Past attempts at meaningful Anglo-French defence cooperation have usually derailed quite quickly. But the new 50-year defence and security treaty signed by David Cameron and Nikolas Sarkozy may have more staying power due to changes that have taken place on both sides of the channel. Professor Chris Brown argues that the Treaty is still probably rather less significant than the media hype suggests.
Efforts to increase Anglo-French defence co-operation crop up quite regularly because neither country finds it easy to sustain the sort of role they would like to play in the world by acting alone. However, past attempts at cooperation have resulted in crises when profound disagreements cause nascent efforts to collapse. For example the most recent St Malo Accord of 1998 was followed a few years later by the collapse of Anglo-French relations over the 2003 Iraq war. Will it be different this time? It is possible; the economic incentives to co-operate are greater than ever, British involvement in Iraq is over, and, most importantly, France has returned to NATO and is working alongside the UK in Afghanistan.
Much press commentary has focused on the idea of joint use of aircraft carriers after 2020 when the UK, allegedly, will have both a carrier (HMS Prince of Wales) and aircraft to fly off it, as will the French with the Charles De Gaulle. This might be significant in turns of planning refits, training and the like, but may not be as useful in the case of actual combat. In the very unlikely event of NATO becoming involved in a large scale conventional war, one could certainly imagine French planes flying of a British carrier and vice versa, but in those circumstances US carriers would also be used by both nations – if the chips are were down any flight deck would do.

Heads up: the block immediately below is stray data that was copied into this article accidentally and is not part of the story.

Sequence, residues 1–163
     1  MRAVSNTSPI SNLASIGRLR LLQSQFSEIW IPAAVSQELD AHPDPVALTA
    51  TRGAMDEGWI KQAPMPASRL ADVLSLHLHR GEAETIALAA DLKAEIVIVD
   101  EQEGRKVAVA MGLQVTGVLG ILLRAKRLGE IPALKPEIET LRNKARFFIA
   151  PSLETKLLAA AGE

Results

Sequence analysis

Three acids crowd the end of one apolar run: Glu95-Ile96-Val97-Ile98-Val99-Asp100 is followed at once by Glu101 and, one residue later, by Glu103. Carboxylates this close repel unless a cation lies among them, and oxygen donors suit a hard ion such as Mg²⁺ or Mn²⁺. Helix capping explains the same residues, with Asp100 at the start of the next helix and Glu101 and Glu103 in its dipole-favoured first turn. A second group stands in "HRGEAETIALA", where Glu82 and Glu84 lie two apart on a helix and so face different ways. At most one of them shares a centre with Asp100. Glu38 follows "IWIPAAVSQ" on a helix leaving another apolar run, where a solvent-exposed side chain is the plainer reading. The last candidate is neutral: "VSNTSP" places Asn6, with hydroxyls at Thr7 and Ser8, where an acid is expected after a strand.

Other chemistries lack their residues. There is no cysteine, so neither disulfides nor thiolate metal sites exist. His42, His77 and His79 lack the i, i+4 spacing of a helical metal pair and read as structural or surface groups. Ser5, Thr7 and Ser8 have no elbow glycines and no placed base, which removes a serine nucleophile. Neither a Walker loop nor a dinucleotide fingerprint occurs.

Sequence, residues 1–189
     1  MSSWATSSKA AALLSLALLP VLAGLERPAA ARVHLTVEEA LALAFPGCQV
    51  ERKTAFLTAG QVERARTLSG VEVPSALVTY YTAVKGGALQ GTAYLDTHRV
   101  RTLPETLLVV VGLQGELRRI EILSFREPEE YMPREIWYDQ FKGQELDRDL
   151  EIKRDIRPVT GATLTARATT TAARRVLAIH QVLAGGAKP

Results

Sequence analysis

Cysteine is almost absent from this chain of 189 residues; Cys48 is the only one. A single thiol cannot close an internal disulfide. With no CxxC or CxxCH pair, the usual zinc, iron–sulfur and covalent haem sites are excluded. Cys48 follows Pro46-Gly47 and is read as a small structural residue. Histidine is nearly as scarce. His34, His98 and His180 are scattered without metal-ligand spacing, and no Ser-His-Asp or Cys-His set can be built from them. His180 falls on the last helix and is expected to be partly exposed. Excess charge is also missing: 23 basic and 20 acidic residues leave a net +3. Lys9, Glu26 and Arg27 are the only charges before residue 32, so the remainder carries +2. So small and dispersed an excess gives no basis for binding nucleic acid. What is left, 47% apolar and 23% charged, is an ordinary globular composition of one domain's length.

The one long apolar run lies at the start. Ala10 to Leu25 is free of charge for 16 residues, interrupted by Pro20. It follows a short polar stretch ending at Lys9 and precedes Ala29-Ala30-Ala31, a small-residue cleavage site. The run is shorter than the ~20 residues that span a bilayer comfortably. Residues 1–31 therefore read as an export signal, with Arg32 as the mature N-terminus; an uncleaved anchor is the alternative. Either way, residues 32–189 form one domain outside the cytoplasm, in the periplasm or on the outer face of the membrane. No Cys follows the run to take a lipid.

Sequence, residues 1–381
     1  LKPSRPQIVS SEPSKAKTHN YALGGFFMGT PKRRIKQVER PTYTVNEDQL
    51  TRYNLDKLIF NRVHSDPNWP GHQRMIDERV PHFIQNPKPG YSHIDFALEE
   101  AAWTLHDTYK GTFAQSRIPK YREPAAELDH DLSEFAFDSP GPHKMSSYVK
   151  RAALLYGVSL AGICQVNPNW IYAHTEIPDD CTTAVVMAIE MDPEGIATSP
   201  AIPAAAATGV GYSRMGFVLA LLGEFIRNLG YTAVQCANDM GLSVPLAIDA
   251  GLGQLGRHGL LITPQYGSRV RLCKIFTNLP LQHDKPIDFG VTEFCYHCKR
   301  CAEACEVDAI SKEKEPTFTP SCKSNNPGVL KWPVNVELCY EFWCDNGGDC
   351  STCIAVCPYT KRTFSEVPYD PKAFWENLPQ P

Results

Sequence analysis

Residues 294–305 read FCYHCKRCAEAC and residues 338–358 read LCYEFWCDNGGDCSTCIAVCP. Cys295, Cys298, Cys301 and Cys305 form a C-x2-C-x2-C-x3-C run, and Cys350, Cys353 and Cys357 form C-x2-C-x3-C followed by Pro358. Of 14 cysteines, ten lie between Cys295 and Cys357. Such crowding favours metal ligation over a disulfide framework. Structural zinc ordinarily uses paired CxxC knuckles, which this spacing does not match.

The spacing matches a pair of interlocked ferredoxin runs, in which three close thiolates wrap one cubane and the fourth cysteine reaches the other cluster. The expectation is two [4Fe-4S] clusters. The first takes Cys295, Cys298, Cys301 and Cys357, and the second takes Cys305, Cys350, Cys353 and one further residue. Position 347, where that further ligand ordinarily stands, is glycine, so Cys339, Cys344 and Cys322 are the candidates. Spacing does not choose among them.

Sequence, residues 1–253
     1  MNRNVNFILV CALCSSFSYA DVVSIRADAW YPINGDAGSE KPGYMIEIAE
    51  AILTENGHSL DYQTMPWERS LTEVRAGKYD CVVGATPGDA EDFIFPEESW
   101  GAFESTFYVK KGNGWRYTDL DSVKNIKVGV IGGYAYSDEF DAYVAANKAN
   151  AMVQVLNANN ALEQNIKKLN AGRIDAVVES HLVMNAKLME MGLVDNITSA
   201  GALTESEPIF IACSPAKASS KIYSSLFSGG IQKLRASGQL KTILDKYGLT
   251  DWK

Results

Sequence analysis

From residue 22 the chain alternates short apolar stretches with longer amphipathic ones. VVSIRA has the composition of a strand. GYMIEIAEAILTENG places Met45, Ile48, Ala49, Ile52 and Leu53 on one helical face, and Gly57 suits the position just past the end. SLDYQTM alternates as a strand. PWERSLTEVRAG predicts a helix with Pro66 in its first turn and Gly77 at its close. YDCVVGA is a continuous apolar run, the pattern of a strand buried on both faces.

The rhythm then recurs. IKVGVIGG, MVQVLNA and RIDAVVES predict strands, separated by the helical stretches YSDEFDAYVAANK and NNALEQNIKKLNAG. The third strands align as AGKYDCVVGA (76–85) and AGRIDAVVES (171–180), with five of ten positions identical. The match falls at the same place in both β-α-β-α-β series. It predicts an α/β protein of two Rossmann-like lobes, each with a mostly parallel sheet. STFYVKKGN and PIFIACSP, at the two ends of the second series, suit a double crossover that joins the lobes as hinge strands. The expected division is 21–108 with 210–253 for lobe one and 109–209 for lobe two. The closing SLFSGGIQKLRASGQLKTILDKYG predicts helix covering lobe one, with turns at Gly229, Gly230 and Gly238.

More practical applications of naval co-operation would include things like joint Anglo-French naval patrols, for example, against piracy – but NATO navies are already co-operating in the Indian Ocean. Again, it isn’t clear how the new Treaty will substantially change things. Anglo-French training exercises on land and at sea will certainly be valuable, but surely not enough to warrant a high-profile signing ceremony.
Measures for joint testing of nuclear weapons (done virtually nowadays, you’ll be glad to hear) are indeed quite significant, but a more interesting area for co-operation would be in sharing intelligence resources, especially electronic eavesdropping. But this ‘special relationship’ is really between the US and the UK (and other members of the ‘Anglosphere’ like Canada, Australia and New Zealand) and it is doubtful that France will be invited to join this very important and exclusive club.
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